Engineering software developer CoreTechnologie has developed a new nesting function within its 4D_Additive print preparation program based upon artificial intelligence (AI) algorithms.
The AI ensures an even arrangement of parts in the build space during nesting via automated intelligent behavior and machine learning. Through this, the technology enables complex nesting tasks to be independently processed and simulates programmable decision-making structures.
CoreTechnologie’s 4D_Additive software
The 4D_Additive software is built on a boundary representation (B-rep) file foundation which, when compared to the more widely used STL format, represents solids more precisely with a set of flowing surface elements. B-rep allows for highly accurate model repairs while enabling a set of modeling functions that aid in the 3D printing process. Users can upload 3D models from common CAD file formats and prepare them for printing using the 4D_Additive software.
In September, CoreTechnologie added the ISO-recognized STEP (Standard for the Exchange of Product model data) file format to its 4D_Additive software, which facilitates CAD file interchangeability between unrelated CAD systems. Last month, the company released another update for the software which allowed users to quickly and easily create latticed parts.
4D_Additive has CAD data interfaces for all B-Rep native and standard formates in addition to common 3D printing formats such as STL and 3mf.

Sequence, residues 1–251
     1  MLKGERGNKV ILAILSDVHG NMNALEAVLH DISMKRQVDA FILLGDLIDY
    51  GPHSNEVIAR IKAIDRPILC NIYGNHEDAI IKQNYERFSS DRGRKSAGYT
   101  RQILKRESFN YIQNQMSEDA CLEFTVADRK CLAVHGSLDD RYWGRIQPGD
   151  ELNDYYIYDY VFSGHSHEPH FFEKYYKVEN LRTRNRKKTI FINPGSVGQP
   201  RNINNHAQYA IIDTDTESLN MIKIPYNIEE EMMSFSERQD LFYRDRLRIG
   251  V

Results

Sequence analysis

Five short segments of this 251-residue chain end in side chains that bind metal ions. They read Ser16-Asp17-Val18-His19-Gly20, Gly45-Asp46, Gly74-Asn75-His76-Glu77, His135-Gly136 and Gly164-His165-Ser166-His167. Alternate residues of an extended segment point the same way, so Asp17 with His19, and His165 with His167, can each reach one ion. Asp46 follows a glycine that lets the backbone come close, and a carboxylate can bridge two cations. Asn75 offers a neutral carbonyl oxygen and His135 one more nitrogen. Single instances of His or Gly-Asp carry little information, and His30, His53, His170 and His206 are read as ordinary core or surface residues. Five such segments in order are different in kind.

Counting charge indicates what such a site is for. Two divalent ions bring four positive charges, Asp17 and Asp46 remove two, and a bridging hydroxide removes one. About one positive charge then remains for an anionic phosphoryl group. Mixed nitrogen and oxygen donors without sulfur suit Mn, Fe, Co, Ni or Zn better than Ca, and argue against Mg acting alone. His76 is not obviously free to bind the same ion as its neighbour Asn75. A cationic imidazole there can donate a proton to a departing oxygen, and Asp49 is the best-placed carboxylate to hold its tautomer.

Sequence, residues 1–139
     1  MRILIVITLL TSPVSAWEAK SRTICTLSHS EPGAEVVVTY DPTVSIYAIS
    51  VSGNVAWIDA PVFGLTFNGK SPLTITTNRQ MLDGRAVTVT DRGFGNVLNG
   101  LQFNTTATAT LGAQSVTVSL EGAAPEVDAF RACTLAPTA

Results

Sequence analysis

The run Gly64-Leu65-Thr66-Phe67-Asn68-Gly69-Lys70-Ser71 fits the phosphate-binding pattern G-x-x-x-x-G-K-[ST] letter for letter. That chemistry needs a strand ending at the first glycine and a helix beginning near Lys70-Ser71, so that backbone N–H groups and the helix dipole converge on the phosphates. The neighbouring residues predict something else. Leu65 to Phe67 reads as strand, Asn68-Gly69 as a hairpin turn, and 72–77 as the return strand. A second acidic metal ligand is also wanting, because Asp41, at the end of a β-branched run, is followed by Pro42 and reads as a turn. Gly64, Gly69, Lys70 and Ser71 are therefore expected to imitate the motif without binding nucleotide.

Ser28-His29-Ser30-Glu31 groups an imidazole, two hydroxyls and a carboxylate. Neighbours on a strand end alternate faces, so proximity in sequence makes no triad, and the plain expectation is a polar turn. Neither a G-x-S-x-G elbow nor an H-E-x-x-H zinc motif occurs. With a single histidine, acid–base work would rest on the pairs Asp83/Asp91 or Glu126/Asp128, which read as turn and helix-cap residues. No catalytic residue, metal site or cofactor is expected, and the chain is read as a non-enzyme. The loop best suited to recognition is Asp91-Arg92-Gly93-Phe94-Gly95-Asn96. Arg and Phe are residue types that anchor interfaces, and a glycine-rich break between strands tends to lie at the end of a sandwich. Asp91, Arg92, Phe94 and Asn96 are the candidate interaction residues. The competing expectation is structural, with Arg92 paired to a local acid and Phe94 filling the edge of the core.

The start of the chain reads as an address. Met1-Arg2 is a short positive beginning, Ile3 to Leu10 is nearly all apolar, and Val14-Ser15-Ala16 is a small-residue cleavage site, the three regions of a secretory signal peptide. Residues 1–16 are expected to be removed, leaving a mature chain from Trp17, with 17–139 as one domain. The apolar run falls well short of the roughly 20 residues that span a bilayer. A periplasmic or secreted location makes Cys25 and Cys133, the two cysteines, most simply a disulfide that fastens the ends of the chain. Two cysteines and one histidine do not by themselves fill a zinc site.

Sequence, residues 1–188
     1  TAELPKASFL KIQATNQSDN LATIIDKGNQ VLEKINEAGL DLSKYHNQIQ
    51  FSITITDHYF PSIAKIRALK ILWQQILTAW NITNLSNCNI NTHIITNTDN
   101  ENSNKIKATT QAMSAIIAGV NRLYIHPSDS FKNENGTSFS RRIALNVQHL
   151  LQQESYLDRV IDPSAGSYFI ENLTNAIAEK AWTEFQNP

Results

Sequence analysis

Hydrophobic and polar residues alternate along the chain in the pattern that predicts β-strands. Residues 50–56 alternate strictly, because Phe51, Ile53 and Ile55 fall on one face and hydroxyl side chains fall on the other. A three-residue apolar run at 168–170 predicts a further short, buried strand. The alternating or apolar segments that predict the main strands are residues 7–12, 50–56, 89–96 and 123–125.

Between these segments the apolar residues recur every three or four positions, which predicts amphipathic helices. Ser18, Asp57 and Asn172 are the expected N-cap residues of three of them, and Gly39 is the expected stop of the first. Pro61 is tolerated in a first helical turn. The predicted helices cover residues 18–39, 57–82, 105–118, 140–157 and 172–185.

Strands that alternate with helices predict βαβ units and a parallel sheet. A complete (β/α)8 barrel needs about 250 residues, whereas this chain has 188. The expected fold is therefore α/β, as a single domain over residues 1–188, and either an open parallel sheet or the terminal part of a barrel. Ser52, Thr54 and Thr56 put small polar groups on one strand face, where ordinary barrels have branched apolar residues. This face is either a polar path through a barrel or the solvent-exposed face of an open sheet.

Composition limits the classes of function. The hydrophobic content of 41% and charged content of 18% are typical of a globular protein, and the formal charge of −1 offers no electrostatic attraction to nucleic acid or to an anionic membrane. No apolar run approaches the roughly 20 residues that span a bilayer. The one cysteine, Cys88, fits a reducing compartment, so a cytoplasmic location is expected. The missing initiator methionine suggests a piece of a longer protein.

Optimized component nesting
The new nesting module integrated into the 4D_Additive software is built upon a “pack and optimize” strategy. This ensures maximum filling of the installation space and evenly distributes the material to be printed, in turn facilitating constant slice surfaces.
Using AI technology, the program is designed to imitate the behavior of an experienced user by automatically filling empty areas in the packaging space after pre-positioning. As a result, build spaces are filled evenly and heat nests avoided.
In addition to the intelligent nesting function, CoreTechnologie has made further functions available to optimize heat distribution in components throughout the printing process. The software analyzes so-called “massive zones” to identify problematic areas with large material volumes, and flags these up to the user. Using the program’s hollow and lattice functions, these zones can be hollowed out and reinforced with an internal support structure if necessary. Holes and lids can then be created automatically to enable the removal of powder from inside the hollowed parts.
3D print preparation
For those seeking to optimize the design of their 3D printed parts, there are multiple print preparation software offerings available. In addition to 4D_Additive, CoreTechnologies’ software portfolio includes its 3D_Evolution, 3D_Analyzer, and 3D_Kernel_IO SDK formats.
Elsewhere, software developer VoxelDance launched its Additive 2.0 program earlier this year which featured several major upgrades, while AI specialist PrintSyst.ai unveiled a proprietary AI engine specifically designed for use with 3D printing within the aerospace, defense, and automotive sectors. Elsewhere, 3D printing startup TOffeeAM raised $1 million to fund the development of its award-winning topology optimization software.
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Featured image shows the new 4D_Additive software version uses artificial intelligence for nesting. Image via CoreTechnologie.